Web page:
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Показать все книги автора/авторов: Barker Clive
 

«Books of Blood Vol 2», Clive Barker

Every body is a book of blood;

Wherever We're opened, We're red.

DREAD

 

THERE IS NO delight the equal of dread. If it were possible to sit, invisible, between two people on any train, in any waiting room or office, the conversation overheard would time and again circle on that subject. Certainly the debate might appear to be about something entirely different; the state of the nation, idle chat about death on the roads, the rising price of dental care; but strip away the metaphor, the innuendo, and there, nestling at the heart of the discourse, is dread. While the nature of God, and the possibility of eternal life go undiscussed, we happily chew over the minutiae of misery. The syndrome recognizes no boundaries; in bath-house and seminar-room alike, the same ritual is repeated. With the inevitability of a tongue returning to probe a painful tooth, we come back and back and back again to our fears, sitting to talk them over with the eagerness of a hungry man before a full and steaming plate.

While he was still at university, and afraid to speak, Stephen Grace was taught to speak of why he was afraid. In fact not simply to talk about it, but to analyze and dissect his every nerve ending, looking for tiny terrors.

In this investigation, he had a teacher: Quaid.

It was an age of gurus; it was their season. In universities up and down England young men and women were looking east and west for people to follow like lambs; Steve Grace was just one of many. It was his bad luck thatQuaidwas the Messiah he found.

They'd met in the Student Common Room.

"The name'sQuaid," said the man at Steve's elbow at the bar.

"Oh."

"You're —?"

"Steve Grace."

"Yes. You're in the Ethics class, right?"

"Right."

"I don't see you in any of the other Philosophy seminars or lectures."

"It's my extra subject for the year. I'm on the English Literature course. I just couldn't bear the idea of a year in the Old Norse classes."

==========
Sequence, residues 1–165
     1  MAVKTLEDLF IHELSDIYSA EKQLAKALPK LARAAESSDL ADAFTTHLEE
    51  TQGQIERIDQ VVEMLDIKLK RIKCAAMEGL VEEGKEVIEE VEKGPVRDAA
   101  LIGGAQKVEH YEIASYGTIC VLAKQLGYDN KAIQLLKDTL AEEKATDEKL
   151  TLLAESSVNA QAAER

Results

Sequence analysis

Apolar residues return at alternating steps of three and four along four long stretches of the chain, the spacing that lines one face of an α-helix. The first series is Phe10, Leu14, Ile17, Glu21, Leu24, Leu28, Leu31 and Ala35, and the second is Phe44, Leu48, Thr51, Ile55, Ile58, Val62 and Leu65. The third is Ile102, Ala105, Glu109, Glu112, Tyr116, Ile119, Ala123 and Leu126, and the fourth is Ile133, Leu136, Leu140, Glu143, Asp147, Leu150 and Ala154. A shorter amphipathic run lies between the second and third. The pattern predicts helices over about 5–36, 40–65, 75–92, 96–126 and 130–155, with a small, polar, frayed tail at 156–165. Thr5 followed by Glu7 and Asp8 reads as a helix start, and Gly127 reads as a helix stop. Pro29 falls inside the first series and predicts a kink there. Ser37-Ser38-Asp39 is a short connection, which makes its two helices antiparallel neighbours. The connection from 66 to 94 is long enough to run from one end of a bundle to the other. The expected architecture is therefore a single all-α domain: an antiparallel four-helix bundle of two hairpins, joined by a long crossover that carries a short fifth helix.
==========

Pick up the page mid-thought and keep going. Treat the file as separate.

"So you plumped for Ethics."

"Yes."

Quaid ordered a double brandy. He didn't look that well off, and a double brandy would have just about crippled Steve's finances for the next week. Quaid downed it quickly, and ordered another.

"What are you having?"

Steve was nursing half a pint of luke-warm lager, determined to make it last an hour.

"Nothing for me."

"Yes you will."

"I'm fine."

"Another brandy and a pint of lager for my friend."

Steve didn't resist Quaid's generosity. A pint and a half of lager in his unfed system would help no end in dulling the tedium of his oncoming seminars on �Charles Dickens as a Social Analyst'. He yawned just to think of it.

"Somebody ought to write a thesis on drinking as a social activity."

Quaid studied his brandy a moment, then downed it.

"Or as oblivion," he said.

Steve looked at the man. Perhaps five years older than Steve's twenty. The mixture of clothes he wore was confusing. Tattered running shoes, cords, a grey-white shirt that had seen better days: and over it a very expensive black leather jacket that hung badly on his tall, thin frame. The face was long and unremarkable; the eyes milky-blue, and so pale that the colour seemed to seep into the whites, leaving just the pin-pricks of his irises visible behind his heavy glasses.Lips full, like a Jagger, but pale, dry and un-sensual. Hair, a dirty blond.

Quaid, Steve decided, could have passed for a Dutch dope-pusher.

He wore no badges. They were the common currency of a student's obsessions, and Quaid looked naked without something to imply how he took his pleasures. Was he a gay, feminist, save-the-whale campaigner; or a fascist vegetarian? What was he into, for God's sake?

"You should have been doing Old Norse," said Quaid.

"Why?"

"They don't even bother to mark the papers on that course," said Quaid.

Steve hadn't heard about this. Quaid droned on.

"They just throw them all up into the air. Face up, an A. Face down, a B."

Oh, it was a joke. Quaid was being witty. Steve attempВ­ted a laugh, but Quaid's face remained unmoved by his own attempt at humour.

"You should be in Old Norse," he said again. "Who needs Bishop Berkeley anyhow. Or Plato. Or —"

"Or?"

"It's all shit."

"Yes."

"I've watched you, in the Philosophy Class —"

Steve began to wonder about Quaid.

"— You never take notes do you?"

"No."

"I thought you were either sublimely confident, or you simply couldn't care less."

"Neither. I'm just completely lost."

Quaid grunted, and pulled out a pack of cheap cigarettes. Again, that was not the done thing. You either smoked Gauloises, Camel or nothing at all.

"It's not true philosophy they teach you here," said Quaid, with unmistakable contempt.

"Oh?"

"We get spoon-fed a bit of Plato, or a bit of Bentham —no real analysis. It's got all the right markings of course. It looks like the beast: it even smells a bit like the beast to the uninitiated."

"What beast?"

"Philosophy. True Philosophy. It's a beast, Stephen. Don't you think?"

"I hadn't -"

"It's wild. It bites."


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